Here’s the question: how do I make purchases from the App Store and get them onto 100+ iPads?
Here are the solutions I came up with. Bear in mind that a critical requirement is that pupils do not know the App Store account password. We don’t want them spending our money!
Solution #1: every pupil has their own App Store account on their own device
This is fraught with problems. For a start, every pupil needs a method of payment. Then you’re paying for one license per iOS device, instead of once per iTunes account. Then there’s the problem of making sure that everyone buys the correct application. Too much coordination effort.
Solution #2: every class has their own App Store account
This might work OK for the primary classes, where everyone’s syncing to one iTunes library. Won’t work so well for secondary classes where everyone’s syncing to their own iTunes library. When an app is purchased, everyone in the class would have to “fake-purchase” it for themselves to get it into their library. This will require a lot of running around typing in the App Store password to individual devices.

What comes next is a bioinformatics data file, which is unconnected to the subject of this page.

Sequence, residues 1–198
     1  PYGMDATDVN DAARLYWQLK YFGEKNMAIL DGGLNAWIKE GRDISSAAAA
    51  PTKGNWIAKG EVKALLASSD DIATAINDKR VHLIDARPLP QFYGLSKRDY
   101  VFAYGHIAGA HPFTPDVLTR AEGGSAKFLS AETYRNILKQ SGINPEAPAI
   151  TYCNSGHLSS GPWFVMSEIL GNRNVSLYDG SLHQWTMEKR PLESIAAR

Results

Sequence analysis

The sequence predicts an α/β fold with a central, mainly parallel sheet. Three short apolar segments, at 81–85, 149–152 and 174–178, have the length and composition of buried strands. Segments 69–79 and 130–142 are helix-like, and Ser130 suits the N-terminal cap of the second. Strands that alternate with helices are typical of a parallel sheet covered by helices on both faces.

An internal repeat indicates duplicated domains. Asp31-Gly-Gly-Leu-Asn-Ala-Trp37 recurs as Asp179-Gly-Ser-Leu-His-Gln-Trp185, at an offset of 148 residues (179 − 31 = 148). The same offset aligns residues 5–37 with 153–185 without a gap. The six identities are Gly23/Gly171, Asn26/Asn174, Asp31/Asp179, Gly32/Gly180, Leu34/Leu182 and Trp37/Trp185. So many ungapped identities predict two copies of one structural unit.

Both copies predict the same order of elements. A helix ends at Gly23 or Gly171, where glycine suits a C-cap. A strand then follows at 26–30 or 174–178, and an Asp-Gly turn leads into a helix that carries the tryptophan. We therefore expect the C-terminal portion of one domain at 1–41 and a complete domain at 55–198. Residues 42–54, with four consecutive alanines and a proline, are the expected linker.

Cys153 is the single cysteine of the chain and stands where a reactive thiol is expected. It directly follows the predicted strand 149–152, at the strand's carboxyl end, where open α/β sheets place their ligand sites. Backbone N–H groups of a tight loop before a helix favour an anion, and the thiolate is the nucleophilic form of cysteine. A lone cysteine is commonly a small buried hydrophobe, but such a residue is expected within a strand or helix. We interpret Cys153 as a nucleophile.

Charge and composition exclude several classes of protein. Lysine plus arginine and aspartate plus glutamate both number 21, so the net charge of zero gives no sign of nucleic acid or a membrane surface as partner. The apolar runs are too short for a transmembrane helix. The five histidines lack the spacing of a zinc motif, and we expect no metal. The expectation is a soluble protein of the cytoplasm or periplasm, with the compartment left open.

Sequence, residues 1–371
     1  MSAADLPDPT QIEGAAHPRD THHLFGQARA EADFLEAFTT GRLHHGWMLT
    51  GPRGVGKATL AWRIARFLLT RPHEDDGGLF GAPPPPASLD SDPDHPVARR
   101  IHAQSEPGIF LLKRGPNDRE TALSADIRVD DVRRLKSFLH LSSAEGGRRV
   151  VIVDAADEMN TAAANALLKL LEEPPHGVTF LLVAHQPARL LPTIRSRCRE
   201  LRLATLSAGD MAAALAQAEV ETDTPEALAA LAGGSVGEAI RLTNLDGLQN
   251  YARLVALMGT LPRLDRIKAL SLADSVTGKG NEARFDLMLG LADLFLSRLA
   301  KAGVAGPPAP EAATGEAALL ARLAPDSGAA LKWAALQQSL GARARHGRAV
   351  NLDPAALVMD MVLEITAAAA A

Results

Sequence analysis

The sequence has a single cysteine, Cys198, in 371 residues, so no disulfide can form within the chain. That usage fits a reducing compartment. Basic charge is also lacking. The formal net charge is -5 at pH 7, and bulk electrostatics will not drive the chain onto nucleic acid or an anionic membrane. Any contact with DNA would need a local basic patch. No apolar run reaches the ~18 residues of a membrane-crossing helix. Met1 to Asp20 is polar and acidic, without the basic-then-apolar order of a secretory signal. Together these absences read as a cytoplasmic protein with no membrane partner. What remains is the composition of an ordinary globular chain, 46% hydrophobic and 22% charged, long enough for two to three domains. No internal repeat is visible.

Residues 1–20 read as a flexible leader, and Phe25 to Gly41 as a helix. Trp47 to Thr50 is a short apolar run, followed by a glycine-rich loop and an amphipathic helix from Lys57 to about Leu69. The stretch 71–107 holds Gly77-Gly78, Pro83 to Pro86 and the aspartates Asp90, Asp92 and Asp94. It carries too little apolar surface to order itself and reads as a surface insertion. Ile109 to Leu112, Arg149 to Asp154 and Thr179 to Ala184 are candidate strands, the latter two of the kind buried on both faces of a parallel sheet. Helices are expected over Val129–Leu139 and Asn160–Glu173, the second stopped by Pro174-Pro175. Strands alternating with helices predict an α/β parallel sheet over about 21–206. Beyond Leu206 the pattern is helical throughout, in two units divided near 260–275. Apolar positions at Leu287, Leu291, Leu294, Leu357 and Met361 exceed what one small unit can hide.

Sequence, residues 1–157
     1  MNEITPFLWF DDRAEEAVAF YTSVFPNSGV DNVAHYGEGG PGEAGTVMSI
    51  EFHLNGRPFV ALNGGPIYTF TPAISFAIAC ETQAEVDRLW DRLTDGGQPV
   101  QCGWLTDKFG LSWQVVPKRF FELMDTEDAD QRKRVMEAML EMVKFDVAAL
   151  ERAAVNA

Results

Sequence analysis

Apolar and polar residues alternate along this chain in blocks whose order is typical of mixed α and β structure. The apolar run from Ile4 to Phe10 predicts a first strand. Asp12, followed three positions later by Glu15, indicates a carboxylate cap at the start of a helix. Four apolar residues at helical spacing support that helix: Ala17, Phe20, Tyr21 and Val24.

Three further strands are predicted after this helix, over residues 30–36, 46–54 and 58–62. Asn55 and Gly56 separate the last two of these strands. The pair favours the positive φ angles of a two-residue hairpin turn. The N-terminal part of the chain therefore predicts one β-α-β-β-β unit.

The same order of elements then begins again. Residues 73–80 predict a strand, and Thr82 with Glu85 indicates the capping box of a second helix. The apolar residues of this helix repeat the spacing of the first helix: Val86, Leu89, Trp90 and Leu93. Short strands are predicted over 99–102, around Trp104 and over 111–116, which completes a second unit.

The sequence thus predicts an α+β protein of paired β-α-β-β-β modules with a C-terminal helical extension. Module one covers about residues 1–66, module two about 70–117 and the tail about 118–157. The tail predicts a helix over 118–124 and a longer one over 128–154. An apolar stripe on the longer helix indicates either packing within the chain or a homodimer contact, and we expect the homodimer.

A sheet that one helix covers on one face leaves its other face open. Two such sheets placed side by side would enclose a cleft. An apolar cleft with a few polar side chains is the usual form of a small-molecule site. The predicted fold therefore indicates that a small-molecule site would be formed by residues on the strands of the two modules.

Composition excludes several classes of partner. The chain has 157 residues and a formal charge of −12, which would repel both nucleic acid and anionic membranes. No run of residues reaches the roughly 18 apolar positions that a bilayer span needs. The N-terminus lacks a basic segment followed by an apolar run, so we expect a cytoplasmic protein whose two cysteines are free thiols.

This solution leads to us buying one copy of the app per class. It’s also annoying for secondary teachers who couldn’t be sure that all their pupils all had access to some basic set of apps.
Solution #3: one App Store account for the entire school
This might work, except that we would only be able to sync iPads to five computers in the whole school. This will probably be too much of a bottleneck. Having an iMac in the classroom that pupils can sync to is so much more convenient than having to get a time slot on the “sync computer”.